S&T: Don Davis

Every 33 years, Tempel-Tuttle makes a pass through the inner solar system, and we witness a greatly enhanced shower, called a meteor storm, if counts exceed 1,000 per hour. During the remarkable storm of 1833, a thousand meteors per minute were reported by alarmed townsfolk. Ever since, astronomers have been on the lookout for increased activity every 33 years, and the Leonids have generally obliged.

All heaven breaks loose in 1833
Can you imagine? Our ancestors didn't have to, back on November 12,1833 when the Leonids set the sky ablaze.
Thoughts on Daniel and Revelation

During the November 17, 1966, shower, observers in the western United States witnessed the greatest show of modern times. In the hour before dawn, 144,000 Leonids per hour briefly streaked across the sky like a soundless 4th of July fireworks finale.

This was the first meteor shower I ever attempted to see, but clouds plastered the sky that morning above my Illinois home. I stood at the window in feet pajamas waiting in vain for a clearing. Years later, my luck would change.

By the early 1970s, the Leonids had tamped down to their usual dozen an hour. Not until 1998 did the shower’s pulse quicken again. Cresting to another extended peak from 1999 to 2002, the well-publicized displays bedazzled millions across the planet. Luminous meteors, exploding fireballs, and long-lasting trains removed the sting of that starless sky of 1966.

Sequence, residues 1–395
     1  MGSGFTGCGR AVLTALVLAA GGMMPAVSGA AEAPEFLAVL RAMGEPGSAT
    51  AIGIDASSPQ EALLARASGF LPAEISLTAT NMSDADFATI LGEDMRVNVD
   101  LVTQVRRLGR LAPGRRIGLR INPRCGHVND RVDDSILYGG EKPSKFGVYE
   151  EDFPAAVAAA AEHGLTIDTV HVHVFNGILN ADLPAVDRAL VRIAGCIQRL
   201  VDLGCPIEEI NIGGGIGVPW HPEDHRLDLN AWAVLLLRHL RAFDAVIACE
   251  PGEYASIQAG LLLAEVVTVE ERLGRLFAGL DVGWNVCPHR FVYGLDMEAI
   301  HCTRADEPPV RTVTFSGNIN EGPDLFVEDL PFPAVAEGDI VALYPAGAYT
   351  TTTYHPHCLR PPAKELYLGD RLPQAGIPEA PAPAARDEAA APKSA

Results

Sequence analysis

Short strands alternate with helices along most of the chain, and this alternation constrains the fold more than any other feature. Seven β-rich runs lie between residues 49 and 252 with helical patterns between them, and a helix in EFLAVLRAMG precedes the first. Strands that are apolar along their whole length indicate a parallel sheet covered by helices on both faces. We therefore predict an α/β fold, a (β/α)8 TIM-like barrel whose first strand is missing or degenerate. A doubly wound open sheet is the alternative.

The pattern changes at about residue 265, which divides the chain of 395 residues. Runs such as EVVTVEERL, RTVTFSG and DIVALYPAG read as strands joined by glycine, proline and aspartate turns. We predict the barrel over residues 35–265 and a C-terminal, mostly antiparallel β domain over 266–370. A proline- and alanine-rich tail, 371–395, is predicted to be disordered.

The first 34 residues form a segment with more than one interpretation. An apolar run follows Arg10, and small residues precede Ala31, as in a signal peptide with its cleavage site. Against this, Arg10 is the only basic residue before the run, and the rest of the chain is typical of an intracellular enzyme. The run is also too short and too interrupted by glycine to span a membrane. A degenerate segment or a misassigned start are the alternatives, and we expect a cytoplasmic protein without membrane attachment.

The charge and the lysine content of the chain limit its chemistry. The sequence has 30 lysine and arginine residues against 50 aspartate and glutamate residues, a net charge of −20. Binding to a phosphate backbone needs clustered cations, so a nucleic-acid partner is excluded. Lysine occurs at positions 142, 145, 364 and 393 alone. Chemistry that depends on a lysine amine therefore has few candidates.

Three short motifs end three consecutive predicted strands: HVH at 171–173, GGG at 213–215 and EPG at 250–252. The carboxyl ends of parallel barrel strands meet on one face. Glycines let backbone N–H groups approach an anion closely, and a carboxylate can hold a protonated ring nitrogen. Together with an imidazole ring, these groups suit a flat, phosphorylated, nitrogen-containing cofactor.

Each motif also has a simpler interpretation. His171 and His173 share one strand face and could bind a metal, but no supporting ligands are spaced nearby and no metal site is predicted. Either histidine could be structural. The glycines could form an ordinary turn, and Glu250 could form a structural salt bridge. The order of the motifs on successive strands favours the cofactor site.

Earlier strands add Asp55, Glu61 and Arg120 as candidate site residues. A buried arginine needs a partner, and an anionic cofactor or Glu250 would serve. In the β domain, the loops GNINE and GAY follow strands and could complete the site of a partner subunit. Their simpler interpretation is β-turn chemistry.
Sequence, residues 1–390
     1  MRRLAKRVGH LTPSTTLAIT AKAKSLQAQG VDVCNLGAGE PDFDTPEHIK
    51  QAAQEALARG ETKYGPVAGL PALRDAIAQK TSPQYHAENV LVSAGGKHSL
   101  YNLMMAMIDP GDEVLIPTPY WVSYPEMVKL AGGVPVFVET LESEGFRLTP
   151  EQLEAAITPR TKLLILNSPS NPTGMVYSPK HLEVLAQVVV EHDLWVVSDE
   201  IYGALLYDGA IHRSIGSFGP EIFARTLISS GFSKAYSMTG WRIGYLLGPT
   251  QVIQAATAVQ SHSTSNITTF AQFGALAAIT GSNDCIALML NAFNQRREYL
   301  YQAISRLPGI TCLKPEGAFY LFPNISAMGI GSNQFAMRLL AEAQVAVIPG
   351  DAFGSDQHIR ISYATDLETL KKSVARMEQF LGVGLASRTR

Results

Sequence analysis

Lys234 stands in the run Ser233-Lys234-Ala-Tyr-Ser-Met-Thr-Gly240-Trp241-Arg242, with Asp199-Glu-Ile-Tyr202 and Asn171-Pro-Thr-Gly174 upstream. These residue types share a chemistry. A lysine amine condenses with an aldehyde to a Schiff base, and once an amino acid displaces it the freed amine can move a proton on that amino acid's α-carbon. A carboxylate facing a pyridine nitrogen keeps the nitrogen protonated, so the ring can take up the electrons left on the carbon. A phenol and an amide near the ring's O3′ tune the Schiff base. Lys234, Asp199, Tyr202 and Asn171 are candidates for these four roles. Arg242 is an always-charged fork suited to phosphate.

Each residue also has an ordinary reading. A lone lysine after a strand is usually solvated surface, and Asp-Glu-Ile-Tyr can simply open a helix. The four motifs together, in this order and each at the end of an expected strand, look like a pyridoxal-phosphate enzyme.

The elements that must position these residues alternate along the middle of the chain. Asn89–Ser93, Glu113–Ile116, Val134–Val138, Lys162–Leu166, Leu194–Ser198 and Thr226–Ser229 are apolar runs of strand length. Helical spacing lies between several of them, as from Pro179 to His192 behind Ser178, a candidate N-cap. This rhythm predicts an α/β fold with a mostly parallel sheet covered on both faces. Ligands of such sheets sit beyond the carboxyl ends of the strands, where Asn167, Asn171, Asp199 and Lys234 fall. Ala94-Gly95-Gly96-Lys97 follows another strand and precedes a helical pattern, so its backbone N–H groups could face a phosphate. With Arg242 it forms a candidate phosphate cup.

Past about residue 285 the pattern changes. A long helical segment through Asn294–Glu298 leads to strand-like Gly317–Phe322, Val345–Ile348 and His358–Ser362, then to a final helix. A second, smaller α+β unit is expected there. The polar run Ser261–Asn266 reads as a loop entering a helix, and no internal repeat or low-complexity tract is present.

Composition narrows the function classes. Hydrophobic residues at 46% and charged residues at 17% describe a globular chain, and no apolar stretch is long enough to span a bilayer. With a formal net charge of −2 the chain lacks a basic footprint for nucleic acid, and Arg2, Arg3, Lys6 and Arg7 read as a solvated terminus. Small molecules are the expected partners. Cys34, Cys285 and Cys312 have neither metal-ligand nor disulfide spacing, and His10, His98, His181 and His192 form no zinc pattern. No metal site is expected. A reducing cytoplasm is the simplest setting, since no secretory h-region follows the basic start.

Lingering Leonid
A wonderful sequence showing the evolution of a "smoke trail" or train left by a magnitude -10 Leonid fireball on November 17, 2001. The train was visible with the naked eye for 5 minutes before the sky grew too bright. Click for more images.
Javor Kac

Besides their fireballs, the Leonids are famed for their trains, the name given to the glowing trails of hot, ionized atmospheric gases left behind by flaring meteors. Some last for minutes as they twist and expand, blown about by high-altitude winds. While nearly all showers feature meteor trains, the Leonids have the lion’s share, if you’ll pardon the pun.

Because the Leonid stream travels around the Sun in a direction opposite to the planets, Earth hits Tempel-Tuttle's debris head-on at very high speed. Leonids pepper our planet at speeds upwards of 158,000 miles per hour (70 km/sec), the fastest of any shower. Trains left by incandescent dust can linger many minutes, taking on a life of their own. Keep an eye out for them during the upcoming shower. A pair of binoculars will extend your viewing time of this unique phenomenon.